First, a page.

The Spy Business Is Booming and We Should Be Worried: Spyware and hacking know-how are more available than ever, making our data more vulnerable and the world more dangerous.
Bill Priestap, The New York Times, July 20, 2019
What is going on? Russian spies are assassinating people in other countries, directing internet companies to troll our social media and trying to undermine our political process almost in plain sight.
At the same time, agents acting at the behest of the Chinese Communist Party are stealing our proprietary information and technology. North Korean spies have become New Age bank robbers, while Iranian spies have attempted to assassinate dissidents in Denmark and a Saudi diplomat in the United States. And the United Arab Emirates has hired former government hackers to spy on dissidents and civil rights activists.
The spy business is clearly booming.
But it is not just government spy agencies. We are also witnessing the democratization of spy tools and techniques that used to be the sole purview of a highly select group of intelligence services. . . .
Activists, China, Citizens, Corporations, Counterintelligence, Cybersecurity, Democracy, Espionage, Germany, Hacking, Iran, Intelligence Agencies, International, Internet, John F. Kennedy, Kenya, Law, Military, New York Times, North Korea, Pakistan, Russia, Spyware, Surveillance, Surveillance Technology, Terrorism, United Arab Emirates, Universities, Uzbekistan, Zimbabwe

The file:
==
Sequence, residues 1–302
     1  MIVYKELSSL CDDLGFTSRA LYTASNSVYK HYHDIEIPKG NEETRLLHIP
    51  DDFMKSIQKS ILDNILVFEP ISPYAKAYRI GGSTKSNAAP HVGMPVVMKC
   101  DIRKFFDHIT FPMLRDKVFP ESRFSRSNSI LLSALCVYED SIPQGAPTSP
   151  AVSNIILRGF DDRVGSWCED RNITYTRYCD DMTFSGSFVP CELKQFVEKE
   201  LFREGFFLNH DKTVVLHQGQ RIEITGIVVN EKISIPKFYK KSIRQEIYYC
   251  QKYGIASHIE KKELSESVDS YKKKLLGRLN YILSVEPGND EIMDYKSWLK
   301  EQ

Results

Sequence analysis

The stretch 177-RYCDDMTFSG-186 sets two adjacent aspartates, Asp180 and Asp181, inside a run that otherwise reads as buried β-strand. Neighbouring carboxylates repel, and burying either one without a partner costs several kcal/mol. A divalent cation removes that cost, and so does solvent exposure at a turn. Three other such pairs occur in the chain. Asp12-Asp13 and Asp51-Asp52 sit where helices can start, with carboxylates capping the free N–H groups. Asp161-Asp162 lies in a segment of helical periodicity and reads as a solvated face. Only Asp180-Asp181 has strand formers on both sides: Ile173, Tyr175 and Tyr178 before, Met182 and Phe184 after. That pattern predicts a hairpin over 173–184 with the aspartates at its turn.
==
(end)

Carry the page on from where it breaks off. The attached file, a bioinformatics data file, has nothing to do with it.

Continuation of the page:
Private Surveillance Is a Lethal Weapon Anybody Can Buy: Is it too late to rein it in?
Sharon Weinberger, The New York Times, July 19, 2019
. . . One thing is clear: The private surveillance industry is growing. A firm that creates a catalog of these technologies, once named the “Little Black Book of Electronic Surveillance,” changed the name in 2016 to the “Big BlackBook.” It had doubled in size in its first three years. The 2017 edition includes 150 vendors.
The genesis of this global spy bazaar can be traced back to the frenetic weeks after the Sept. 11 attacks, when Congress rushed through the Patriot Act, a law that vastly expanded the American government’s wiretapping authorities. In the process, lawmakers inadvertently created a market for companies interested in providing services and technologies to collect and analyze the new trove of data. . . .